Home Blog Flawed, ideological, non-peer-reviewed studies should not rebut decades of anti-retention research

Flawed, ideological, non-peer-reviewed studies should not rebut decades of anti-retention research

Flawed, ideological, non-peer-reviewed studies should not rebut decades of anti-retention research

Iowa Governor Terry Branstad’s recent remarks about retaining 3rd graders confirm both the potential positives and the many negatives of in-grade retention in elementary school.
First, the potential positives: in-grade retention sometimes leads to short-term (1 to 2 years out) – and maybe even mid-term (3 to 5 years out) – academic gains. The peer-reviewed research shows that these test score gains occasionally occur when you force kids to repeat 3rd grade, partly because 4th grade test scores look better when low-achievers have been removed from the grade cohort and partly because retained students have had an extra year of schooling by the time they actually are tested in 4th grade. That said, the Greene & Winters study that Gov. Branstad mentioned in his guest essay comes from a research institute known to be quite ideological and has been cited as having serious methodological concerns. It thus should be viewed with skepticism.
Unfortunately, the peer-reviewed research also unequivocally shows that the longer-term effects of elementary in-grade retention are disastrous. A simple Google Scholar search brings all of the research to the fore. What it tells us is that 1) short-term academic gains due to retention disappear by the upper grades, 2) being retained significantly increases dropout rates (65% to 90% of overage children in grade 9 do not persist to graduation), and 3) retention greatly diminishes student self-concept as well as future life success as adults (e.g., lower postsecondary education attendance, pay per hour, and employment competence ratings). In other words, potential short-term gain equals a great deal of known long-term pain.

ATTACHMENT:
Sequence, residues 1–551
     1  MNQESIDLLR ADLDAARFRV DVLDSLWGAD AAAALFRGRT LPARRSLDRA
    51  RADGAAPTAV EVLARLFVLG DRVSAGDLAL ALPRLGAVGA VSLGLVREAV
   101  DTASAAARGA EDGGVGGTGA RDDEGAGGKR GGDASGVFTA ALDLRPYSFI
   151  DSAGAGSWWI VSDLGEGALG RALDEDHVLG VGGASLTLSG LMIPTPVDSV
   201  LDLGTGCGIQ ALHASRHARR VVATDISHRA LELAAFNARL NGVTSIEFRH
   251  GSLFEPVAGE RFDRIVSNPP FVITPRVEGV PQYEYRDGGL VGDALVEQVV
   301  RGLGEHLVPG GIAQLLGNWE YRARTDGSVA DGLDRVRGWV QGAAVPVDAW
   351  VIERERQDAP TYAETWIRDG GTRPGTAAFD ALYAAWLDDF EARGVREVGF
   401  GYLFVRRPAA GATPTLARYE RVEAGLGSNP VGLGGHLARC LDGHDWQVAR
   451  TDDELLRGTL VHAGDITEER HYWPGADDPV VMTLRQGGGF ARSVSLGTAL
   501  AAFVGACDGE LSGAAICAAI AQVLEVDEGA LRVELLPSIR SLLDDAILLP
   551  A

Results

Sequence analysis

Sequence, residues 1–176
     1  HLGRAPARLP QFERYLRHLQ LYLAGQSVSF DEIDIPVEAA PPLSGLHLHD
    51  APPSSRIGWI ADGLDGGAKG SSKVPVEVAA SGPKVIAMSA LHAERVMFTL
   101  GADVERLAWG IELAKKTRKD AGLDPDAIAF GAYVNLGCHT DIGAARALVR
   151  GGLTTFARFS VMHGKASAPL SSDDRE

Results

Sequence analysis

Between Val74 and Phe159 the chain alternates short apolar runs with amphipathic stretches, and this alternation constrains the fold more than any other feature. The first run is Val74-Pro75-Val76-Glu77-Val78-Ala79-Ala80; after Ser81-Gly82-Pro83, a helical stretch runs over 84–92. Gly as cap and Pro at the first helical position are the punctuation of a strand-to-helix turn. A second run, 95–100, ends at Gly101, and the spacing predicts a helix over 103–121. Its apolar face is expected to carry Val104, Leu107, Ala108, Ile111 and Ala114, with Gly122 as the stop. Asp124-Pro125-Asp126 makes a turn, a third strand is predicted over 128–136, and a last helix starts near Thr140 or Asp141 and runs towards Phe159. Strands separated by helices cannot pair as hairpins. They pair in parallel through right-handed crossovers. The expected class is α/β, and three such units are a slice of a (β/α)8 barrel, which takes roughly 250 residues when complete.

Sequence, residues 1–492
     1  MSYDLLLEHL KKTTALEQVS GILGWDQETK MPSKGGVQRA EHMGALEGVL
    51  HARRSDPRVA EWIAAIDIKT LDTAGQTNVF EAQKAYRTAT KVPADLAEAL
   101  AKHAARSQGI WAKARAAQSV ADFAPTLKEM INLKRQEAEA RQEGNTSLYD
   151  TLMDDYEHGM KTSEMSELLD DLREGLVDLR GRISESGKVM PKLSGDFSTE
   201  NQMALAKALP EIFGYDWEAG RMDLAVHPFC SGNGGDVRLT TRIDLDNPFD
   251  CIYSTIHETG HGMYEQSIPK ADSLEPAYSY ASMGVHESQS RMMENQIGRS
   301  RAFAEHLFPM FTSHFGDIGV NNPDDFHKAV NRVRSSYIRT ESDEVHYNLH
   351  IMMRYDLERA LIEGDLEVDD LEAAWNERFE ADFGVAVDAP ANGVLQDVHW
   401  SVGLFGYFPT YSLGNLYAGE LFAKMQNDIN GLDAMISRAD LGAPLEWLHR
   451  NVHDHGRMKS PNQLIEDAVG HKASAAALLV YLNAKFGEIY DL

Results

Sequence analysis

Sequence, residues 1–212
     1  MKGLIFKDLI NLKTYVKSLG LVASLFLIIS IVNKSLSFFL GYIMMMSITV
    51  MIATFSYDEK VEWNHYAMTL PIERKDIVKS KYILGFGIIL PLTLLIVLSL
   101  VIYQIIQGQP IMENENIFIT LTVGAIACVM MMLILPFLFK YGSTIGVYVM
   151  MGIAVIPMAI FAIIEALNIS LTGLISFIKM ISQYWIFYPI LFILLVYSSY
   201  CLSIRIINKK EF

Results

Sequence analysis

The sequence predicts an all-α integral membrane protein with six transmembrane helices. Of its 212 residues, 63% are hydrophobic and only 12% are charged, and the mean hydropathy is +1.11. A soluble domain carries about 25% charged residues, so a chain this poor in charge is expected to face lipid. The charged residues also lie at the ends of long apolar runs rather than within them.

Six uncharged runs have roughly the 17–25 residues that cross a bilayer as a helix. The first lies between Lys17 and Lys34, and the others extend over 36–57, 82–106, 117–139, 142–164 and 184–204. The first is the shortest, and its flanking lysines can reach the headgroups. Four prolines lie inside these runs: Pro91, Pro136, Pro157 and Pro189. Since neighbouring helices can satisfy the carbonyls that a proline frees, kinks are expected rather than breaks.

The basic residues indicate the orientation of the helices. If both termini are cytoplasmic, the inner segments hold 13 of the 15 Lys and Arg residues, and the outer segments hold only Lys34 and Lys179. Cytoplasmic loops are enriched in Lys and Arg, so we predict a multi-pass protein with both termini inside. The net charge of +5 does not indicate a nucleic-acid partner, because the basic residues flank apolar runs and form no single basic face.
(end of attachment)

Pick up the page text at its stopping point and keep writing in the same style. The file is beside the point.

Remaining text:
As Iowans, do we care more about brief test gains so that we look good compared to other states? Or do we care more about the long-term educational and life success of our children? Bumping up Iowa’s 4th grade scores for a short period of time so that we can feel better about our rankings compared to other states – at the expense of longer-term life success for our children – makes no sense whatsoever. To put it bluntly, what’s the point of having higher NAEP scores if our kids then later drop out of school? Do we want our graduation rates to look more like Florida’s (44th in the country)? It’s telling that the Governor and his education team continue to 1) ignore the long-term impacts of in-grade retention, instead repeatedly citing just a couple of proven-to-be-flawed studies that show short-term results, and 2) fail to produce an extensive body of peer-reviewed research that supports his retention proposal (because there isn’t any).
This is not an ideological issue (or at least it shouldn’t be). It’s a question of what the data show us, which are consistent and unilaterally negative impacts on students and adult beyond the potential first few years of test score gains. The Governor’s proposal to increase support and intervention for struggling readers in early grades is both admirable and desirable. But there’s absolutely no peer-reviewed research that supports the failure of 3rd graders and an incredible wealth of research against it. Iowa educators are asked to implement research-based best practices in their schools and classrooms. We should hold the Governor and the Department of Education to the same standards.
Say yes to intervention, but say no to retention.
Image credit: I thought we were supposed to get answers

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